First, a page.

Design capacity[edit]

The planned design capacity of WACS was 3.84 Tbit/s when the project agreement was signed in 2008.[5] When delivered in 2012 the initial design capacity was 5.12Tbit/s.[6] An upgrade delivered by Huawei Marine in December 2015 using WDM Soft Decision FEC and bit interleaved coded modulation advanced decoders permitting the design capacity to be increased to 14.5Tbit/s.[7]


Instead of powering the 236 undersea optical amplifiers and the 12 Submarine branching units along the cable by a single conductor which would require the voltage to be well over 12,000 to 14,000 V in the order of some 24,000 V DC, the system is supplied by two independent rings from Europe to West Africa and West Africa to South Africa, thus reducing the power requirements to around 12,000 V DC.[1] Branching units are designed to keep the main trunk intact in case of failure. Repairing a branch will not affect the traffic on the main cable.[1] Landing stations support wavelength pass through which means a wavelength coming into a landing station does not just stop there but carries on. This feature allows future upgrade to be carried out without the necessity to have to upgrade each landing point.[1]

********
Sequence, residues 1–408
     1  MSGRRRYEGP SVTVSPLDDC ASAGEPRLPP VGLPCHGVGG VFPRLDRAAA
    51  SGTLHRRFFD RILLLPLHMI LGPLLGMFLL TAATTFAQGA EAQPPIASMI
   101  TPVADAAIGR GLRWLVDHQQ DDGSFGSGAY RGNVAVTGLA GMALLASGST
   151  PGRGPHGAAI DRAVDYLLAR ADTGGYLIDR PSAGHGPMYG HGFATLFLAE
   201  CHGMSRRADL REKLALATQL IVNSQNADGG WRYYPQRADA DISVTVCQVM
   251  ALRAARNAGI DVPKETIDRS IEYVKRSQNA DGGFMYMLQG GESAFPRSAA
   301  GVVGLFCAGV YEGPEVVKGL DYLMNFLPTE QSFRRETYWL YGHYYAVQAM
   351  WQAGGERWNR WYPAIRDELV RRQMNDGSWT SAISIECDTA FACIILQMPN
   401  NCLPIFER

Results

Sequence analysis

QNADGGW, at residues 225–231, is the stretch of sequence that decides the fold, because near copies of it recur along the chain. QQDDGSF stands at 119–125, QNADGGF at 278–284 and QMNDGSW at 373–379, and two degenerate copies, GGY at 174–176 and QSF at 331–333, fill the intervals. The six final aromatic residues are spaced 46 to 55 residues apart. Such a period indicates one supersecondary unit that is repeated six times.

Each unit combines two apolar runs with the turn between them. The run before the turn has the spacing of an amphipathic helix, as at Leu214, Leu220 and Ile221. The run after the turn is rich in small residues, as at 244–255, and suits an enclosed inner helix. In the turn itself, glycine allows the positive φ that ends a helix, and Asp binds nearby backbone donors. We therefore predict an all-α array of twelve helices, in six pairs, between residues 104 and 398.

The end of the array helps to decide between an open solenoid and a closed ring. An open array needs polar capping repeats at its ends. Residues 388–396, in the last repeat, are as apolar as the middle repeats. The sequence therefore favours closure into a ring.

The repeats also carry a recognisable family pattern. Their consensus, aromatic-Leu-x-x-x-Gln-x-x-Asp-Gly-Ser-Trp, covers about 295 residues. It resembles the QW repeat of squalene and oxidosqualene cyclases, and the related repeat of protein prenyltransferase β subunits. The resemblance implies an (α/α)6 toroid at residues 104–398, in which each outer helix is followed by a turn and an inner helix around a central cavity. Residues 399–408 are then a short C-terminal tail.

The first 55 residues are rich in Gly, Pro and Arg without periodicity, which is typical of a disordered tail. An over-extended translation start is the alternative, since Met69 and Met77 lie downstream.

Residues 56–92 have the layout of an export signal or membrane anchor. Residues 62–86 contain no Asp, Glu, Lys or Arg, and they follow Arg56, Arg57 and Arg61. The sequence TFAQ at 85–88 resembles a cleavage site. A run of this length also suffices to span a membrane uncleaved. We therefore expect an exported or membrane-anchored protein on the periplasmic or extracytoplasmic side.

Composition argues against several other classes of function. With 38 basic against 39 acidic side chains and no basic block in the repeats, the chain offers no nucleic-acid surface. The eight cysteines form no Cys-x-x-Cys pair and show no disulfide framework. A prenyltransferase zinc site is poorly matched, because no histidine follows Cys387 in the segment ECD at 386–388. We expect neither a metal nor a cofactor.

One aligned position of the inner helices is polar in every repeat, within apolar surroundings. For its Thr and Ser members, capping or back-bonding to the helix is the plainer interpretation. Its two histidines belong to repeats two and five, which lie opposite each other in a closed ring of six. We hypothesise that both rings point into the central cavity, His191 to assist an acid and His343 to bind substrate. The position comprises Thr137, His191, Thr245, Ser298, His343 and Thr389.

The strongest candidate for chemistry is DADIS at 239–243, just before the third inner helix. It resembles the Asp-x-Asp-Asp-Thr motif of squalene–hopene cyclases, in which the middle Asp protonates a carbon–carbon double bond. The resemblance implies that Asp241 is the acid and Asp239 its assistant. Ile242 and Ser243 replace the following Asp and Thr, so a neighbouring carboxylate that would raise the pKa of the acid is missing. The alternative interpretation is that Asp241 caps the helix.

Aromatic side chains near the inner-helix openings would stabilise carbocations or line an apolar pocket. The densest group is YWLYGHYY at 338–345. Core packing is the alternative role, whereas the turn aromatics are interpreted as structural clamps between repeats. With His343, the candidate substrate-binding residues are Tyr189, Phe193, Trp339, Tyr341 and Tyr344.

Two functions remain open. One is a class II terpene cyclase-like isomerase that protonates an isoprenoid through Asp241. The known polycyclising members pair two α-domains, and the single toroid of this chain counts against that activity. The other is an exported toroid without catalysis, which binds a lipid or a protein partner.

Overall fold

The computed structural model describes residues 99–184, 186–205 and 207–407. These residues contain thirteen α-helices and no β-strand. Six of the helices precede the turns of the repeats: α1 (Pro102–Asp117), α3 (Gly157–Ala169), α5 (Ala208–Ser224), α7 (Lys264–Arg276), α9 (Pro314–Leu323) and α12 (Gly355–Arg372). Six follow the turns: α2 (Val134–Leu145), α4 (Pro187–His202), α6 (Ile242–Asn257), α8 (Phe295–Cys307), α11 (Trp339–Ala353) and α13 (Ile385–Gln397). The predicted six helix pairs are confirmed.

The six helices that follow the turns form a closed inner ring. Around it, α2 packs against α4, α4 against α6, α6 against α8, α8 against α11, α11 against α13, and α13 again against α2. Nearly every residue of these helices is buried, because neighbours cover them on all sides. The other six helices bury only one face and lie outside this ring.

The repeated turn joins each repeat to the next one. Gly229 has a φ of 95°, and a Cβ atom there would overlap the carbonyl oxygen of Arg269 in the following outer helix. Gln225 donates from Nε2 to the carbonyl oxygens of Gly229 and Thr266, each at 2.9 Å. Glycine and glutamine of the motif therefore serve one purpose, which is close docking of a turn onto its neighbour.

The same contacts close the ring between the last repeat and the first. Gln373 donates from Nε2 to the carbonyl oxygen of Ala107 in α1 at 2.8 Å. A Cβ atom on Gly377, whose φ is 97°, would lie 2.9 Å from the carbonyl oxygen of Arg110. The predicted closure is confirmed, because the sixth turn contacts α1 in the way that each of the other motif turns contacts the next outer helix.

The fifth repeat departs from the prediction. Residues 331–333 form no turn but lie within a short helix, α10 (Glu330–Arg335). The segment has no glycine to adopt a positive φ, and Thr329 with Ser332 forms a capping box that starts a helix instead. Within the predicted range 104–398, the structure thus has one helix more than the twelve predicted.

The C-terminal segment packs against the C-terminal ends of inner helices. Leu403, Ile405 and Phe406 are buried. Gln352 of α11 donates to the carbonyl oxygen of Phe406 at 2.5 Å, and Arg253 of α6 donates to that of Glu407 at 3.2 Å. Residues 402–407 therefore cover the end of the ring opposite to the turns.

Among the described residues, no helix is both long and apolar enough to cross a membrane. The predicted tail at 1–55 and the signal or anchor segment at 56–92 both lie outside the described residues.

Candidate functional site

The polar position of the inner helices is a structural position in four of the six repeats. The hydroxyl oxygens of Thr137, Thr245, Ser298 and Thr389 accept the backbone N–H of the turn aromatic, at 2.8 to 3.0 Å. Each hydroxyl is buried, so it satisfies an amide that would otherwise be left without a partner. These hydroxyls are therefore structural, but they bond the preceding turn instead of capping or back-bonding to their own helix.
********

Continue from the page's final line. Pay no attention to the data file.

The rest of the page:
One of the four fibre pairs is a direct route from South Africa to Europe, a so-called express lane. The second and third fibre pairs are designed as a semi-express lane, one with two hops, from South Africa to West Africa and West Africa to Europe and the other with three stops. The fourth fibre pair is an omnibus fibre that stops off at all landing ports en route.[1]

  • Fibre Pair one known as the Express lane (South Africa and Portugal)
  • Fibre Pair two (South Africa to Nigeria to Portugal)
  • Fibre Pair three (South Africa to Angola to DRC to Ivory Coast to Portugal)
  • Fibre Pair four (All WACS Landing Stations)


Construction and ownership[edit]

The following South African companies were announced as participants in the construction and maintenance of the cable system.[9] MTN Group has invested $90 million in the cable making it the largest investor, and in return will receive 11% of the initial capacity of the cable.

On 8 April 2009, the following companies signed the WACS Construction and Maintenance Agreement[5] and formed the final consortium:The WACS consortium includes 12 companies. They are:[1]

  1. Vodacom
  2. Togo Telecom
  3. Telkom (South Africa)
  4. Telecom Namibia
  5. Tata Communications/Neotel
  6. Portugal Telecom/Cabo Verde Telecom
  7. Office Congolais des Postes et Telecommunications
  8. MTN Group
  9. Congo telecom
  10. Cable & Wireless Worldwide
  11. Broadband Infraco